Which Make revolver for really small hands?


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marklbucla
April 22, 2009, 01:46 PM
Which make revolver is good for small hands? A Smith K frame is too large and we're hopefully going to try and see a J frame today. Aside from a Ruger SP-101, Are there any other manufacturers that have a particularly small grip and length of pull?

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ArmedBear
April 22, 2009, 01:47 PM
Colt clones.:)

Clarence
April 22, 2009, 02:15 PM
S&w m-60

ArmedBear
April 22, 2009, 02:42 PM
The Model 60 is a J Frame - but different from the ubiquitous Airweights.

Noxx
April 22, 2009, 02:52 PM
Smith 642

RyanM
April 22, 2009, 02:55 PM
Aside from the SP-101? Can't think of any. My experience is that all Ruger revolvers have much shorter backstrap-to-trigger distances than S&Ws.

FiveFiveSixFan
April 22, 2009, 04:28 PM
Have you looked at any round butt K frames?

rcmodel
April 22, 2009, 04:43 PM
S&W LOP, measured straight back from face of trigger to rear of grip frame:
J = 2 7/8".
K = 3 1/4".

There is no difference in LOP between a square-butt and a round-butt.

The only difference is grip circumference at the lower part of the stocks.

Colt clones?
Who is making Colt clones?

rc

Duke of Doubt
April 22, 2009, 05:21 PM
North American Arms made some really small revolvers for really small hands. As in, possum hands.

Seriously, if a Colt Army Special or Smith Model 10 wooden grip is too big for your hands, you've got REAL small hands.

GaryP
April 22, 2009, 05:23 PM
The Charter Arms .38spl line all have small grips and you can get a Pink frame for you wife. :D

:evil:

rcmodel
April 22, 2009, 05:42 PM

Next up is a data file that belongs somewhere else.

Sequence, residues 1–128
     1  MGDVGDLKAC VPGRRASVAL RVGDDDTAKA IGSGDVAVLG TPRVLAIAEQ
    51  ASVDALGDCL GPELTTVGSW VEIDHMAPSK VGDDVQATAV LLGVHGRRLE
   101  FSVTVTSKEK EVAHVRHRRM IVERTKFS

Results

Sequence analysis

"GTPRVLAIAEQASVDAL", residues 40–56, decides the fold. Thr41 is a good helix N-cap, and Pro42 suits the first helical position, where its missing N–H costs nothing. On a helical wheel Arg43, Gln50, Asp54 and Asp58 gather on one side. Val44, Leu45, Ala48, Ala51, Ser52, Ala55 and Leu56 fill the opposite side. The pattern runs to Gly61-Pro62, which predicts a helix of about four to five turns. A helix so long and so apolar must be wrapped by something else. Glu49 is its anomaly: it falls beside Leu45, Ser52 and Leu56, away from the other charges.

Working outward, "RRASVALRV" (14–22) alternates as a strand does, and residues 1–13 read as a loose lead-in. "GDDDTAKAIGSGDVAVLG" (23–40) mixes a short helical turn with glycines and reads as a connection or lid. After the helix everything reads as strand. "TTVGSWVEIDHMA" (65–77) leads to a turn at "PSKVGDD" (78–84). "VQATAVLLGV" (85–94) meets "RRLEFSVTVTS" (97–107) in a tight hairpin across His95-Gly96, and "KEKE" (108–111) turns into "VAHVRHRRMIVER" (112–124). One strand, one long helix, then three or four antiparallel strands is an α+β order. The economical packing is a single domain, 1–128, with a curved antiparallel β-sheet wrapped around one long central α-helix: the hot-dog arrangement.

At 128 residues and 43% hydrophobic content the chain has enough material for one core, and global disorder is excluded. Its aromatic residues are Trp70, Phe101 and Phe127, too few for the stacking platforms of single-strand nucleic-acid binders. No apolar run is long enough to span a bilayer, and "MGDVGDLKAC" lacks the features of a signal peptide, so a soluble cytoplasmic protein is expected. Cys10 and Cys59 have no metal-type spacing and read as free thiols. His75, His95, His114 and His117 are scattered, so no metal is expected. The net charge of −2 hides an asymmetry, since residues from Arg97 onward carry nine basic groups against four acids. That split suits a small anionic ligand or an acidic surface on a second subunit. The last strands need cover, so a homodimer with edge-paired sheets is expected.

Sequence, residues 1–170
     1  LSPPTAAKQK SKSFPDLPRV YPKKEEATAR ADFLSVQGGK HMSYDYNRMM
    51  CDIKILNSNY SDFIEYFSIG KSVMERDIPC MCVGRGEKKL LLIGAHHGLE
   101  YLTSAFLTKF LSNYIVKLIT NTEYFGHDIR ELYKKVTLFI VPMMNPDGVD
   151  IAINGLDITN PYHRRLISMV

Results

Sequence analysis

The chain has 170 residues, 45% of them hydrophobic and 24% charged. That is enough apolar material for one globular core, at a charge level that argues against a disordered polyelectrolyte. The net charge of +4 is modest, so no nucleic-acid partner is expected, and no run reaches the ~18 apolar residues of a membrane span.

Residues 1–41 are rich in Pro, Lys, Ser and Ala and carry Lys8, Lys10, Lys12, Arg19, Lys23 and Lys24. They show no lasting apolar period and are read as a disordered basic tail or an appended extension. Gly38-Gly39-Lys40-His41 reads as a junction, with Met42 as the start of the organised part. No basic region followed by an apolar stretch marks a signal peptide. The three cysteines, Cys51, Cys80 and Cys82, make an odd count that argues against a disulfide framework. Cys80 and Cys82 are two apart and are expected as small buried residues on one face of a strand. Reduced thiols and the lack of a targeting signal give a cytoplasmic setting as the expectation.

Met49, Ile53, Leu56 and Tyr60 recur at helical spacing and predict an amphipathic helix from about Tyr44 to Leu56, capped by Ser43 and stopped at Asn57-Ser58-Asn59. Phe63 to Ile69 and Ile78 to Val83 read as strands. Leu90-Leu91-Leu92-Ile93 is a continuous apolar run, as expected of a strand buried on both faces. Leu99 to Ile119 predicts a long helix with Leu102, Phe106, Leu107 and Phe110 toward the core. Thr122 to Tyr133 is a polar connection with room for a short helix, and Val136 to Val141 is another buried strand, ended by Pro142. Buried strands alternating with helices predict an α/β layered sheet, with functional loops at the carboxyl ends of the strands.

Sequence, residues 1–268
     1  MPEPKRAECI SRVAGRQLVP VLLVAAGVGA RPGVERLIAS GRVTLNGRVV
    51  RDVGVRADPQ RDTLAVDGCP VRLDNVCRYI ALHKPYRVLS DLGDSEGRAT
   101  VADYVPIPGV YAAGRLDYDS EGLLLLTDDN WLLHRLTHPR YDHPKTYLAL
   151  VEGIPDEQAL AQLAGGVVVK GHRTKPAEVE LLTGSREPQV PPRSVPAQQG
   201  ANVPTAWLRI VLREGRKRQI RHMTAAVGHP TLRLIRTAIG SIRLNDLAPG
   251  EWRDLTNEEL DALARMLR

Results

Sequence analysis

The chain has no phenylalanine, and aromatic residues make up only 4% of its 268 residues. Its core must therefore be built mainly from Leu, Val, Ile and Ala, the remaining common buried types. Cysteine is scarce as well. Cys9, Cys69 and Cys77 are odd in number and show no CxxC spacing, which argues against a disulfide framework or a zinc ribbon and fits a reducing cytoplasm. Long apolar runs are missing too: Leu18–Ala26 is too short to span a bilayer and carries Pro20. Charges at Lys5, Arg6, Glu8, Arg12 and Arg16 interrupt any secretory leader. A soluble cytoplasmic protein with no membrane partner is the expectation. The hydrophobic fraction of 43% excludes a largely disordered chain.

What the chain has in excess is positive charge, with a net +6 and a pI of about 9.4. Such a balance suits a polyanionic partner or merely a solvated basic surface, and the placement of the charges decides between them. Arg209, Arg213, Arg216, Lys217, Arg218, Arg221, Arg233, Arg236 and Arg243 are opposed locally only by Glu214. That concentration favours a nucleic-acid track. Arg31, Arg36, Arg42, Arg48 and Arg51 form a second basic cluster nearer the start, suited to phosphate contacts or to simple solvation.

you've got REAL small hands.+1
This sounds more like an imagined problem due to lake of experience then a real problem.

S&W has been making revolvers that everyone could shoot for an awful lot of years!

Even the big N-frames were GI issue during WWI, and many of those guys were a lot smaller then we are now.

My wife has shot every size S&W made very well, for going on 50 years, and she is less then five foot tall with tiny hands.

rc

marklbucla
April 23, 2009, 12:52 AM
After coming back from the fun shop today, it does sound like a J frame is in order.

After watching Jerry Miculek's Pro Tips on S&W's site, we're further convinced that the K frame is just too large for my wife to shoot. With Hogue's Bantam grips on it, her finger pretty much forms a L around the trigger and barely has the finger strength to pull it DA. Shooting it SA is no problem, but I can't imagine that this would be advised vs. getting a J frame.

And yes, the Smith 60 is at the top of the list, along with a 63 for practice.

Wolfeye
April 23, 2009, 12:55 AM
My SP101 has a pretty small grip, but it's larger than the Smith j-frames I've shot. My answer would depend on what you want the gun for, but if it's a general purpose gun you want, you might like a Smith model 60 Pro or model 60 5". They have decently long barrels, adjustable sights, and ejector rods that are a little longer than the typical j-frame pocket guns.

The 3" SP101 is also nice. I think the older factory grip is a little smaller than the current one. You could buy them used.

S&W k, l, and n-frames can have small grips on them; look up Pachmayr Compac grips or Hogue Bantam grips and you'll see what I mean. Eagle Grips' Undercover model is also nice, but I think it's custom.

Funny, I made this same suggestion on a different forum for a different reason today.

Edit: Sorry, looks like I was typing this up the same time you were making your reply. You might try Eagle; they make some of the most petite yet shootable grips for the j-frame, and same probably goes for k & l frames.

Oyeboten
April 23, 2009, 01:53 AM
The old Colt 'Police Positives'...same size as the S & W 'J Frame', and Six Shots instead of 'five'...

Perfect for smaller size Hands...

Good looking, too...

Revolver Ocelot
April 23, 2009, 04:19 AM
like has been said before, looks like any j frame would be your best bet

RyanM
April 23, 2009, 06:17 AM
This sounds more like an imagined problem due to lake of experience then a real problem.

S&W has been making revolvers that everyone could shoot for an awful lot of years!

Even the big N-frames were GI issue during WWI, and many of those guys were a lot smaller then we are now.

Seems like the concept of gripping the gun so that it lines up with your forearm is relatively recent. With a lot of older guns, especially from the late 1800s, the trigger reach is so long, there's just plain no way to hold them that way.

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